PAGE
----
• Another method is to mentally retrace a series of events to jog the memory, e.g. to remember where you left something or recall at what stage a significant incident happened.
  • Memory pegs are a popular way of remembering lists. You can invent memory pegs which mean something special for you. For example:

One is the sun

Two is a shoe

Three is a key

Four is a door

Five is a hive

Six is sticks

Seven is heaven

Eight is a gate

Nine is a sign

Ten is a pen

When you want to remember a list, such a shopping list of butter, eggs, bread, toothpaste and shampoo, ‘hang’ the items you want to remember on the pegs. Each item goes with one peg, and you imagine the two together. So, make an image of butter melting in the sun; eggs cracked over a shoe; bread on a table next to a key; a tube of toothpaste splattered on a door; shampoo spilt over a hive, etc.

When you want to recall the items, simply go through the peg words and note what object you placed on each peg. The pegs trigger your memory, and with practice you can easily remember up to two dozen items or more.

  • Use an affirmation. E.g. If you’re having difficulty recalling something, use an affirmation such as: ‘Right now, I can’t recall… but soon I will. My unconscious is helping me and it will come to me shortly’.
  • Triggers: Close your eyes, take a deep breath and relax. Then put the thumb and fingers of your dominant hand together and whisper ‘Alpha’ under your breath (this acts as a ‘trigger’). Ask for the information you require. The answer may pop into your head immediately or come to you later. Your intuition will lead to where you left the object.
  • The ‘place’ method: e.g. imagine a set of the objects you want to remember placed in different locations around the house. Imagine them in different places as you move through each room in a logical order. With practice you’ll find it easy to recall the object/s you ‘left’ in each place.

Improving Your Long Term Memory

These techniques can be useful when you need to remember blocks of information for longer than, say, a week or two, for example when studying for an exam.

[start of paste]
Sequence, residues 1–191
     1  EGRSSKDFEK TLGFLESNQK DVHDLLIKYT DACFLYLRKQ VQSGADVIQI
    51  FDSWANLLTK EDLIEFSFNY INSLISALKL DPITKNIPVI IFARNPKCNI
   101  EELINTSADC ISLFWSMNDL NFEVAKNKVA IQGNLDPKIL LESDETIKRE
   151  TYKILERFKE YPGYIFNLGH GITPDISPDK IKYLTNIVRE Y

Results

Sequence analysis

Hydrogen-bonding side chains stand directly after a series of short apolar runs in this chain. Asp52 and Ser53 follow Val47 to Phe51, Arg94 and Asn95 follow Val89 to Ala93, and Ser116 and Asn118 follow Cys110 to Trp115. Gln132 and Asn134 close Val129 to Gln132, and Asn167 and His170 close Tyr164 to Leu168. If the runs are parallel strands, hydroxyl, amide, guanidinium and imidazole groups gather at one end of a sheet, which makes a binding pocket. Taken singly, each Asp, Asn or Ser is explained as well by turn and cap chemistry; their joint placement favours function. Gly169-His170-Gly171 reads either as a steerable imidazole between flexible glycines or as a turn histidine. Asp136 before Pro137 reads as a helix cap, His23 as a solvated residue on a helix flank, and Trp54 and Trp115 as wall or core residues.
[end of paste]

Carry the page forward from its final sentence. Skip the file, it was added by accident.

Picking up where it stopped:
1. Be systematic

Commit the information you wish to store and retrieve to memory systematically. This makes it easier to harmonise with material already stored. Sometimes recalling a fragment of information makes the rest more accessible.

  1. Think about it

Think about what you want to remember and its application to experiences you’re having: it makes a big difference.

  1. Focus

Next time you want to memorise something, imagine that your memory is a clean sheet of blotting paper. Focus intently, imagining the material being absorbed in the same way you would press the blotting paper over the page.

  1. Autosuggestion

Use autosuggestion to programme the memory ‘computer’ housed in your unconscious. Relax into the dreamy Alpha State (the ‘CALM’ setting on the AcuPearls can help with this), then affirm, with feeling:

‘I have perfect memory and concentration. Therefore I can recall instantly and easily whatever I hear, read or study. Because I have perfect memory, I can remember at will whatever I require. I am at one with the source of all knowledge.’

Do this regularly and you will soon notice an improvement. You may find it helps to record the message onto an audio device.

  1. Affirmations and Creative Imagery

You can use affirmations and Creative Imagery to programme your memory. E.g. if you want to remember the contents of a book or lecture, use the thumb and fingers trigger and affirm:

‘I will remember the information I am about to study easily. My mind is clear, my memory is perfect. It is the nature of my mind to remember effortlessly.’

When you have finished, affirm:

‘The information I have just studied will flow quickly and easily. My mind is clear, my memory is perfect. It is the nature of my mind to remember effortlessly.’

Accelerated Learning

Physical and mental relaxation assists learning by reducing anxiety. You can deliberately store information for straightforward retrieval using deep relaxation into Alpha State. This is the basis, for example, of the accelerated language learning method pioneered by Michel Thomas in the 1980s – he demonstrated that students could go from zero to proficiency in a few months.

Summary

Memory training appears daunting at first, but with perseverance the result can be impressive and have a knock on effect on all areas of life.

©David Lawrence Preston, 2.10.2018